A One Room Schoolhouse
TYPICAL SCHOOL DAY
On a typical school day in a one room school, teachers would often teach grades one through eight, with class sizes ranging from three to as many as fifty.
Though they were remarkably different in attendance, size, and construction across the frontier, there were many similarities in a typical school day among one room schools in the old west. Generally, younger students were seated at the front of the room, and older students were in the back. Boys sat on one side of the room, and girls on the other. This separation would extend into recess with the grounds in the rear of the school divided into two parts, one the boys and and another for the girls.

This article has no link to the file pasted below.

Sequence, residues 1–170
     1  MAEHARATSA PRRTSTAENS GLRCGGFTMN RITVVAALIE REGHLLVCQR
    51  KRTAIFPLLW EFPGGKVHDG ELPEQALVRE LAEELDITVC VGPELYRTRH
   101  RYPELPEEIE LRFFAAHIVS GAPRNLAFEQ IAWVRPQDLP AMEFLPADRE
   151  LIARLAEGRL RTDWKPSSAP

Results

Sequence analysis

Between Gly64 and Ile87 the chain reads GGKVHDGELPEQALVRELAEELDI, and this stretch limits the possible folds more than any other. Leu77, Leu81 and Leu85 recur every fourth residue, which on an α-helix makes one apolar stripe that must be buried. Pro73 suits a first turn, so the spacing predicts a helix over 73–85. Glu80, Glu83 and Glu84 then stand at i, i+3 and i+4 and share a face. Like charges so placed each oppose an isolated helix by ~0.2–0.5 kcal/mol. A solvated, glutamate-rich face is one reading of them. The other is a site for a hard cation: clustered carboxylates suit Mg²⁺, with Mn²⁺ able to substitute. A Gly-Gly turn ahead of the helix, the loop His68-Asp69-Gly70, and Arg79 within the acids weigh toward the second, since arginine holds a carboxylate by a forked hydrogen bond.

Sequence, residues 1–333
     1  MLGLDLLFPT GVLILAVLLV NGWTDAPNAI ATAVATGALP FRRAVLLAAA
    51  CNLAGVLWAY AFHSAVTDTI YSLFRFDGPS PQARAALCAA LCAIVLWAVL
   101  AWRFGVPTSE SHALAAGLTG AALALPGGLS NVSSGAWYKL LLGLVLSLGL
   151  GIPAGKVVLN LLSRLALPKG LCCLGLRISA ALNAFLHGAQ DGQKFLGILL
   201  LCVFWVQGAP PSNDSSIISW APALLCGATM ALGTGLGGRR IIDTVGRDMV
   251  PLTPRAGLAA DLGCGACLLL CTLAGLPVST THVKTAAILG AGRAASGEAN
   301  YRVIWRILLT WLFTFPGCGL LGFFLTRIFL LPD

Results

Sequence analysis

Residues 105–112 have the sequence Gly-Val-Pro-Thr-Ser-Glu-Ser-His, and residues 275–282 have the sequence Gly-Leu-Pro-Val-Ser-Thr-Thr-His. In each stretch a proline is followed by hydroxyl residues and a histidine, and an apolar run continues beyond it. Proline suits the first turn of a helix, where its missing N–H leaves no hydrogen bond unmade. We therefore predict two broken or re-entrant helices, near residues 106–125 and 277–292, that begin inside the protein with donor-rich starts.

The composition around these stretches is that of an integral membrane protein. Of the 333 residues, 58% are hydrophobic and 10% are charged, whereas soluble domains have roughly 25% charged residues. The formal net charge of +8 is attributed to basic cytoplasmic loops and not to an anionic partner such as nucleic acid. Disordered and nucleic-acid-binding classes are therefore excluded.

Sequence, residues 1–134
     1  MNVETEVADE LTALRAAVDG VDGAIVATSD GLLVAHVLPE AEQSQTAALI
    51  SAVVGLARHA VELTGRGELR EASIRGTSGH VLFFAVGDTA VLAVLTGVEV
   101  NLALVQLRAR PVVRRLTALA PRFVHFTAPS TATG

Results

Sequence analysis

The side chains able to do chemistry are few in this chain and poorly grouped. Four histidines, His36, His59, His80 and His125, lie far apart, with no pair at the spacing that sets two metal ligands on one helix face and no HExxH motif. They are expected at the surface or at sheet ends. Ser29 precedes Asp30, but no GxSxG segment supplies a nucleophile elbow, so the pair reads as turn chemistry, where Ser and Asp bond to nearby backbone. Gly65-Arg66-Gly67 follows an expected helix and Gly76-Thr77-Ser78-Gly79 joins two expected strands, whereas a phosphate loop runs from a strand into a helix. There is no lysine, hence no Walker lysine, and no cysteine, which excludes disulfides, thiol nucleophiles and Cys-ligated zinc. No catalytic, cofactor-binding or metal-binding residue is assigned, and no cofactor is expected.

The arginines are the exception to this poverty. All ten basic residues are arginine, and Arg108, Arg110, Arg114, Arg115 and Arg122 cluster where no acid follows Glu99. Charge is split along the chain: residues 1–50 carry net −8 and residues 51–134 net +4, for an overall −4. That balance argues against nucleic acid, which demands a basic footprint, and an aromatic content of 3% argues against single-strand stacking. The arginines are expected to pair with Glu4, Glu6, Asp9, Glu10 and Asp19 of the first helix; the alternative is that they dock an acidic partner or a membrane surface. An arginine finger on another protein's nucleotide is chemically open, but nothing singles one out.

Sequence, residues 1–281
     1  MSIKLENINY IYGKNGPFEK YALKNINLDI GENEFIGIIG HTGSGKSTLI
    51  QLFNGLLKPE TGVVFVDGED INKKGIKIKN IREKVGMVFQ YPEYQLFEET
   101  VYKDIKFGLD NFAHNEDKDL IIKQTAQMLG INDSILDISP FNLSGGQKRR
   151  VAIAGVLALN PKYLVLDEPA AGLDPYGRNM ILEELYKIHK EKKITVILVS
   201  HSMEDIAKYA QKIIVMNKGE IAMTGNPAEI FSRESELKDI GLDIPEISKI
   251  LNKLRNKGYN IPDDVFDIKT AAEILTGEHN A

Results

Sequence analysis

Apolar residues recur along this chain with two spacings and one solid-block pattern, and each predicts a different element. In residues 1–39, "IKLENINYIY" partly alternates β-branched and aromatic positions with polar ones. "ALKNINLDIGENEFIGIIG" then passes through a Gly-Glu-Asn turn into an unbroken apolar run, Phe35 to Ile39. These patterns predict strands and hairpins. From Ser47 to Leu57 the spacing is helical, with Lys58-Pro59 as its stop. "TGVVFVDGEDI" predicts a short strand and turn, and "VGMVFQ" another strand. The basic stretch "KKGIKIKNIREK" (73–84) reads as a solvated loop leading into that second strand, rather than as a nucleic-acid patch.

On a typical school day classes were generally taught in 10- to 15-minute sessions to each grade level, and the curriculum tended to focus on the basics: reading, spelling, penmanship, arithmetic, and history. Learning was largely the result of rote memorization, recitation, and oral drilling.
By far, the greatest challenge to teaching and learning on the frontier was a lack of supplies. Schools sometimes lacked even the barest of essentials. Many schools had no slates, pencils, pens, or maps. But by far the most challenging aspect of a typical school day in frontier schools was a lack of textbooks. Since many parents could not afford to purchase textbooks, students were sent to school with the books available in their homes, which often was simply the Bible. It was not uncommon for each student in a school to have a different textbook -- if they had any textbooks at all.
Did your great grandparents go to school in a ONE ROOM SCHOOLHOUSE
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